Harvesting at Chateau Rauzan Segla 2013

2013 has been a challenging vintage for most of France. Much of Bordeaux has been affected by storms earlier in the year, resulting in considerably lower yields for many. Luckily, at Rauzan Segla not too much of the crop was lost. This has helped the chateau overcome what was looking to be another major concern for the vintage: rot. The unpredictability of the weather has also resulted in uneven ripeness; my perceptions are that 30% of the crop was instantly discarded.

At first glance, it was evident that Rauzan Segla was in a strong position to tackle the difficulties. When looking at the vintage as a whole, the success of each chateau is dictated largely by their ability and commitment to react to the challenges that the weather has laid down.

In the Vineyard

Come harvest time, the hard work can be separated into two primary teams: the pickers in the fields and the sorters at the ‘Table de Trie’. The picking teams have been established for years, and generations of families work the harvest together. The sorting table was operated mostly by those that commuted from Margaux, giving a real sense of local flair to the affair. With very much a family feel to it, there is a sense of responsibility fed down from John Kolasa, to produce not just a profitable year, but a wine that they can all be proud of.

The work in the fields is truly back breaking. Being 6’4, the grapes hung at roughly mid-shin level for me and you spend roughly 80% of your time bending over and inspecting the grapes. With temperatures at times soaring up to 30’C, I quickly gained appreciation for how hardy these people are. Whole bunches were cut, inspected and collected for the sorting table. Bunches deemed of insufficient quality are simply discarded in the field.

After this, the grapes are quickly transported to be processed at the sorting table. The workers are split into two teams that operate on separate vibrating tables. The first sorted through whole bunches, picking out any individual rotten grapes that might have slipped through, including grapes that had not fully ripened. The grapes were then fed through the de-stemmer, which separates stalk from grape while keeping the grapes intact, thereby limiting any risk of oxidisation.

A second team then picked out any final foliage, stalks or grapes of insufficient quality that had managed to find their way through the labyrinth. Interestingly, a blanket of SO2 is sprayed onto the grapes for the first vital few minutes before being placed in the vats, again to avoid oxidisation.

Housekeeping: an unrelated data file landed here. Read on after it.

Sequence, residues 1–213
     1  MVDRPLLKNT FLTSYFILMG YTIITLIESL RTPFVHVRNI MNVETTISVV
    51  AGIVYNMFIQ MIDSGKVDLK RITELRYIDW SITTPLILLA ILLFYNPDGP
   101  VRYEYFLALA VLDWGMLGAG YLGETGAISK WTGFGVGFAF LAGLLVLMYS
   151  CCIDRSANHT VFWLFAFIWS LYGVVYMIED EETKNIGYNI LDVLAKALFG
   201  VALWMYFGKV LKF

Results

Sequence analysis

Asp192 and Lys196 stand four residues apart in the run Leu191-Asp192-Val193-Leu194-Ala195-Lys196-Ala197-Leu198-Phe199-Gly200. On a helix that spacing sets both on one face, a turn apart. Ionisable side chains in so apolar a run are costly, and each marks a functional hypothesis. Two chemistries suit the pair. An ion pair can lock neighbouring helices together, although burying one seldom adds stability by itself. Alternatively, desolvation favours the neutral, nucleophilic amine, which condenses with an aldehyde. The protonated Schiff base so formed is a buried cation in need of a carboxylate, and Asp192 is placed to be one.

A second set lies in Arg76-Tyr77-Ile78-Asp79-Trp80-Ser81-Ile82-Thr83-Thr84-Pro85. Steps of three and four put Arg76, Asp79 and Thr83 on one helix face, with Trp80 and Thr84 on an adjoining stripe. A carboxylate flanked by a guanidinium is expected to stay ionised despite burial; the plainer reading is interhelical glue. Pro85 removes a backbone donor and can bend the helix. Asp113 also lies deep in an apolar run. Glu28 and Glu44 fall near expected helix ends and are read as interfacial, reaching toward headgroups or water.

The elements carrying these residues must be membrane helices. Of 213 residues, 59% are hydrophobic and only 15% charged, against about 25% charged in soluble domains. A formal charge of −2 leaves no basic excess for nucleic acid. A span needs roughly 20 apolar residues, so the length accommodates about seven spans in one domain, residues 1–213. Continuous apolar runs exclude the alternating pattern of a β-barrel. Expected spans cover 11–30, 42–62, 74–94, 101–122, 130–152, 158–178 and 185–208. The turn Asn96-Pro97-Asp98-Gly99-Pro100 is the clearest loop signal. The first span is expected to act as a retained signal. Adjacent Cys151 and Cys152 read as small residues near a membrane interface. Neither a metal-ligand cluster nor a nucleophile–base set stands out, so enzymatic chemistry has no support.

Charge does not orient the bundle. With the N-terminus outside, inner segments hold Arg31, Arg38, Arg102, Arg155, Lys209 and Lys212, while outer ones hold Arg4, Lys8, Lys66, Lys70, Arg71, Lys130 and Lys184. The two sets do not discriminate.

The Lunches

The lunches were incredible!

Everything you hear about lunches during the harvest is absolutely true; large four course meals were served up everyday. Hearty local cuisine of duck leg and chips, beef stew and fresh salmon were followed by a selection of cheeses, more bread and dessert. And let’s not forget the wine; between the table of ten, we were ‘expected’ to polish off a magnum at every meal. Being the youngest in the team by quite a way, the onus fell primarily on me. The wine was sumptuous, they didn’t worry about labels or vintages here, but what I do know was that it was the base blend of Ch. Margaux and Ch. Rauzan Segla! After a stiff coffee, it was back to work, which would last until 6:30 – 7:00pm.

John Kolasa

charles1A lasting memory will always be one of John’s first words to me on my visit, “If it isn’t red, it shouldn’t be in the glass….”

John is the driving force behind the Chanel properties. After heading Ch. Latour for eight years, he has brought it all with him: knowledge, experience, exceptionally high standards and, most importantly, unrelenting passion.

After the privilege of an hour long car ride with John – which I think I will tell my grandchildren about in years to come – I felt I had finally got an understanding of what drove him. Unlike many in today’s world of business and profits, John’s sole aim is to build and establish the reputation of Rauzan Segla by producing great wines, priced reasonably, which will age magnificently. Simply put, the goal is to produce a wine to be enjoyed, not savoured for its price tag.

Personal Note

This was my first harvest in Bordeaux, I had a thoroughly enjoyable time and was blown away by the sheer beauty of the city and of the Medoc. Margaux is gorgeous and the town of St. Emilion is a real gem. I would resolutely recommend anyone to visit this lovely part of the world, but more importantly, to visit the chateaux responsible for some of the best wines in the world. There is simply no better way to kick start ones interest and knowledge in wine than to go to the source of where it all happens. The team were exceptionally warm and welcoming, making my time there unforgettable.